Eric Stanton & the History of the Bizarre Underground
by Richard Pérez Seves
Eric Stanton is not a mainstream figure in American comics, but he was part of a strange underground scene which has become so ingrained in this country’s consciousness that the man was overdue for an in-depth examination. Eric Stanton & the History of the Bizarre Underground provides that, combining his life story with an overview of the pre-hardcore days of the American pornography industry and a look at the influence his work has had on popular culture. Richard Pérez Seves has crafted a terrific look at the underbelly of the age of fake innocence.
Stanton (born Ernest Stanzoni) drew dirty comics. More specifically, he drew fetish and bondage comics. The most remarkable thing about his work, aside from the man’s extremely high level of craftsmaship, is that, by today’s standards, this is stuff that would barely register a “PG-13” rating.
Recurring themes in his work include: women in leather and lingerie fighting and binding each other; men being dominated and humiliated by women (and enjoying it); male transvestism; bondage; homosexuality and other things that were considered “smut” and perversion back in the middle of the last century, but which are not nearly so shocking today.
He did this without depicting nudity or explicit sex. Viewed through today’s eyes, these stories are basically tame sexploitation. The women are beautiful, no doubt, but more often than not, they hold the power in these stories, and now these tales come across as almost feminist in their execution.
The most shocking thing about this book is that it documents how, not so long ago, the US Government, using postal inspectors and the FBI, would harrass arrest, fine and imprison people for publishing material that is less explicit than a typical Madonna video that might be shown on MTV just twenty-five years later. The work of Eric Stanton and “smut peddlers” like Irving Klaw, Leonard Burtman and Edward Mishkin is not even remotely explicit, and the fact that law enforcement spent any time disrupting the first amendment rights of these people is a sterling example of how, even recently, the government can stomp all over the constitutional rights of those it deems to be politically unpopular.
Pérez Seves has done an admirably comprehensive job of combining what could be three different books into one. He rightfully weaves the life story of Stanton into that of the underground publishers who published his work, and tells of the man’s personal struggles, along with the governmental persecution that the entire industry had to endure.
The third part of the book is a comprehensive checklist of Stanton’s work, with years and publishers listed, and reprints noted.
Stanton’s story is worthy of examination alone. This is a man who served in the Navy, suffered through a disastrous first marriage and was separated from his children of that union. He shared a studio with Steve Ditko, and may very well have had a hand in the design of Spider-man. He certainly helped Ditko in a ghost capacity (and Ditko returned the favor, you can spot Ditko’s distinctive pencils and inks in many places in this lavishly-illustrated book) when deadlines loomed. Stanton also worked with the Irving Klaw models, and considered Bettie Page a personal muse. He was drawing her into comics decades before Dave Stevens re-introduced her into the public’s psyche in the pages of “The Rocketeer.”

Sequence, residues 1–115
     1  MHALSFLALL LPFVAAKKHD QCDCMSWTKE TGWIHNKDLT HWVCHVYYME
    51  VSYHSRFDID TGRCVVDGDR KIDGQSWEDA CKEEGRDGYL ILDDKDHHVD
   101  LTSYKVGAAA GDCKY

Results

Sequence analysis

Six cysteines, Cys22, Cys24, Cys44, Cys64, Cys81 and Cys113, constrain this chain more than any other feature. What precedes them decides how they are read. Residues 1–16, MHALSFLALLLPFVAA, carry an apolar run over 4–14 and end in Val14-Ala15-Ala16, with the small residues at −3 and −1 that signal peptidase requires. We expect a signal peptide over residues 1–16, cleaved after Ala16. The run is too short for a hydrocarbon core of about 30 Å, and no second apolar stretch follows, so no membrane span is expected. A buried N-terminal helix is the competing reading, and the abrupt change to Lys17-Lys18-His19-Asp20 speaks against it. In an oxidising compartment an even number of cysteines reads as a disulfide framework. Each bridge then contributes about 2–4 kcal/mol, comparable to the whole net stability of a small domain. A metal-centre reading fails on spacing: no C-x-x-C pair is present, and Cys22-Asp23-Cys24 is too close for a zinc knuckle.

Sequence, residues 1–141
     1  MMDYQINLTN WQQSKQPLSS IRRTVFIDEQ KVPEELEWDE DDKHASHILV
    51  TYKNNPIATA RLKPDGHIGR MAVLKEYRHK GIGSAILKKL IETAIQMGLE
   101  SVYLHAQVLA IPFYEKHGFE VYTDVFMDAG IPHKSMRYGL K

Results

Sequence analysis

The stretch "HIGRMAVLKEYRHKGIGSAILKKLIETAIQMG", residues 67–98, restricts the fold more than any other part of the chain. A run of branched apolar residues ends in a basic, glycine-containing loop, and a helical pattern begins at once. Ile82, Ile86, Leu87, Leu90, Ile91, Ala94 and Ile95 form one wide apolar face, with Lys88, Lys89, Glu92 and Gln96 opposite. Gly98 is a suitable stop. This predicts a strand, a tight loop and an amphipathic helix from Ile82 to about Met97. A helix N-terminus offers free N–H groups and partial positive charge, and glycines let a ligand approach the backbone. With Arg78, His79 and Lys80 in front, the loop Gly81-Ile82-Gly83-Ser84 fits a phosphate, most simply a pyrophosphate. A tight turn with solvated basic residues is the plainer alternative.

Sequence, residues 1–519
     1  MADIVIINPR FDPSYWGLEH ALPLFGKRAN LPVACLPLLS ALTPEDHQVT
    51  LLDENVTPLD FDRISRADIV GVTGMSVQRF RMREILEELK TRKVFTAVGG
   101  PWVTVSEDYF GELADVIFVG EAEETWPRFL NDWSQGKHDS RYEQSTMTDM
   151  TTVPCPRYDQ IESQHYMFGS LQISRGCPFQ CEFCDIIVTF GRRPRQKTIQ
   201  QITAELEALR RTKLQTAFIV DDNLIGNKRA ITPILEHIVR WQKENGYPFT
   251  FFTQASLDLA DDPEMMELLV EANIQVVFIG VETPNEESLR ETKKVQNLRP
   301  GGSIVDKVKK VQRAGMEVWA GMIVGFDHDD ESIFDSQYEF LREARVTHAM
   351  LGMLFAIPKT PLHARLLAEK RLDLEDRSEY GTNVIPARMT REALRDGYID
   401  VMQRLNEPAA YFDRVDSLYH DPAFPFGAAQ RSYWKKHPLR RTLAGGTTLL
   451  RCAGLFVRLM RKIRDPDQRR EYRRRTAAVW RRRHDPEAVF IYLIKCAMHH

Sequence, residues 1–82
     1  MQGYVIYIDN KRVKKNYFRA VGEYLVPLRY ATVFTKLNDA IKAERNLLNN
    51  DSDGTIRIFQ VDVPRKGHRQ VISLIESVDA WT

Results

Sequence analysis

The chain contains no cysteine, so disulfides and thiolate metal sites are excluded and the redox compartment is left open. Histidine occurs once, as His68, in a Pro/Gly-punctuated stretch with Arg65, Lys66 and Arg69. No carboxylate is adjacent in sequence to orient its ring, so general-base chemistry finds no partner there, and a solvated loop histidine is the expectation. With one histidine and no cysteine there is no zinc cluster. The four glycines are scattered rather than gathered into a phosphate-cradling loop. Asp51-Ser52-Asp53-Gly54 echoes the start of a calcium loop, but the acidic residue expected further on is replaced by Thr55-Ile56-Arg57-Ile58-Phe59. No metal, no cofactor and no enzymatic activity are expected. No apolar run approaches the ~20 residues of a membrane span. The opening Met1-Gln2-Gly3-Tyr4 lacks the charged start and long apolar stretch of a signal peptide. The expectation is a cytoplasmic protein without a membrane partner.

That Stanton was able to weather the persecution of the time to reinvent himself, start a second family, reunite with his children and become a pioneering self-publisher is a triumphant story, darkened only by his death, some twenty years ago. Pérez Seves exhasutively researched this book, speaking to his surviving publishers and associates, his children and widow, and digging into public records to fully document Stanton’s life.
The book description reads as follows:
Tracing the rise of commercial fetish art from its shadowy beginnings in the 1940s to its acceptance in the 1970s, this illustrated biography explores the unconventional life and art of Eric Stanton, a pioneering sexual fantasist who helped shape the movement. With more than 400 rare images and interviews with Stanton’s family and closest associates, this biography chronicles the infamous circle of patrons, publishers, and cult icons populating his subterranean world, including Irving Klaw, John Willie, Bettie Page, Steve Ditko, and Gene Bilbrew. It is the untold, secret history of a misunderstood culture, the abuses of government authority, social intolerance, and gangsters. But above all, it is a tale about survival against all odds and an artist who had the courage to stay true to himself.
Eric Stanton & the History of the Bizarre Underground is a fascinating look at the work of a man who created cutting edge work during an age of artificial innocence, exploring the underground world of sexual fantasies and taking major risks at a time before subsequent Supreme Court rullings upheld the publication of risque material. Plus the man really knew how to draw beautiful women.
PopCult recommends this book to anyone interested in the fringes of comic book history, the early days of the sexual revolution or the ironic crackdown on what is now considered rather tame material by an FBI that was overseen by a man who was secretly a homosexual cross-dresser.